Label Reading: Learn to Spot 8 Sneaky Instances of Gluten - Performance Kitchen

What is gluten?

We now hear the term gluten often, but many people do not even know what it means. Jimmy Kimmel took to the streets and asked pedestrians what gluten is. The answers were all over the charts.

According to the Celiac Disease Foundation, gluten is,

…a general name for the proteins found in wheat, rye, barley and triticale–a cross between wheat and rye. Gluten helps foods maintain their shape, acting as a glue that holds food together.

There are many food items that may contain gluten, often in hidden or unexpected ways. In order for a package to contain the label “gluten free,” it must meet the FDA guidelines of containing less than 20 parts per million.

This is where things can get tricky. While the gluten-free stamp of approval is a great resource, it is always important to use a detective eye to look out for hidden or unexpected sources of gluten by reading the product’s ingredient list and where it was manufactured.

Be mindful of these 8 ingredients and foods that may have a hidden source of gluten.

Soy Sauce

Traditional soy sauce contains wheat (listed first on the ingredients). A gluten free soy sauce alternative is tamari.

French Fries

Although french fries are made from potatoes some restaurants may buy them frozen with a flour coating so they are crispier when fried, making them no longer gluten-free. In addition, french fries or anything else added to the fryer at a restaurant can be cross- contaminated when deep fried in oil that is also used with other wheat contaminated foods.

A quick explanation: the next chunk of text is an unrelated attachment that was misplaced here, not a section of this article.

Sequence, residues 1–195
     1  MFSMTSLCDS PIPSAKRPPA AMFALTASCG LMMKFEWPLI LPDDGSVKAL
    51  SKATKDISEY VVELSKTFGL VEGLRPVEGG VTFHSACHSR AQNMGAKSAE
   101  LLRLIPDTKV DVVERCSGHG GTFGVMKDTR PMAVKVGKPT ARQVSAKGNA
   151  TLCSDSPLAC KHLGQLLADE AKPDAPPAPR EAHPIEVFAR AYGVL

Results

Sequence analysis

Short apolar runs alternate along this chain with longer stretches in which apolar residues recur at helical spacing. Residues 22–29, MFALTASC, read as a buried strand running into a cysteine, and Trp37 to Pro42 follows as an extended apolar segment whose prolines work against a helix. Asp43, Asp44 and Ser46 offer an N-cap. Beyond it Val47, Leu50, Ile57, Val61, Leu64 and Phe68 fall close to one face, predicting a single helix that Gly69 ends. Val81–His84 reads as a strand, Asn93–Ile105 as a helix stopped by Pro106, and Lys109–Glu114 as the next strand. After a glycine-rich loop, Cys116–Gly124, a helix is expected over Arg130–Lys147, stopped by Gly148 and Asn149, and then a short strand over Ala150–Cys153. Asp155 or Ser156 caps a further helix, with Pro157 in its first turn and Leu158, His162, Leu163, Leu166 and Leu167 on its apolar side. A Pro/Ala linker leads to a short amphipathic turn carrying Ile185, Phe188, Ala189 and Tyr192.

Rice Cereals

While rice is naturally gluten-free, flavored rice cereals have malt flavoring listed as an ingredient and malt is a hidden source of gluten. Malt is made from barley grains and barley needs to be avoided by gluten intolerant individuals.

Bouillon Cubes

Some bouillon cubes have gluten in it, so make sure to check your label. Gluten is usually added to hold the little squares together a bit easier or to add some thickness to the broth it creates.

Energy Bars/Granola Bars

Some bars may contain wheat as an ingredient, and most use oats that are not certified gluten-free.

Salad Dressings and Marinades

These may contain malt vinegar, soy sauce, flour.

Brown Rice Syrup

Brown rice is gluten-free, but brown rice syrup may be made with barley enzymes.

Eggs Served at Restaurants

Some restaurants put pancake batter in their scrambled eggs and omelettes to make them fluffier but on their own, eggs are naturally gluten free.

Why does where it was manufactured matter, when all the ingredients in a package are gluten-free?

For example, the ingredient oats, which are technically gluten-free, are often manufactured in the same processing plant along with gluten containing ingredients, which puts those oats at risk for cross- contamination. Look for oats that have a gluten-free label to ensure they were manufactured in a gluten-free facility.

Besides food, gluten can even sneak into your non-food products, such as vitamins, lipstick, and even toothpaste.

Bottom line: Make sure you fully read the nutrition label, ingredient list, and where the product was manufactured. Then, check again! One brand that you are used to getting might change the recipe for their product and may no longer be gluten-free.

Explore Performance Kitchen’s entire line of convenient gluten-free meals, including our gluten-free and dairy-free meals plans here.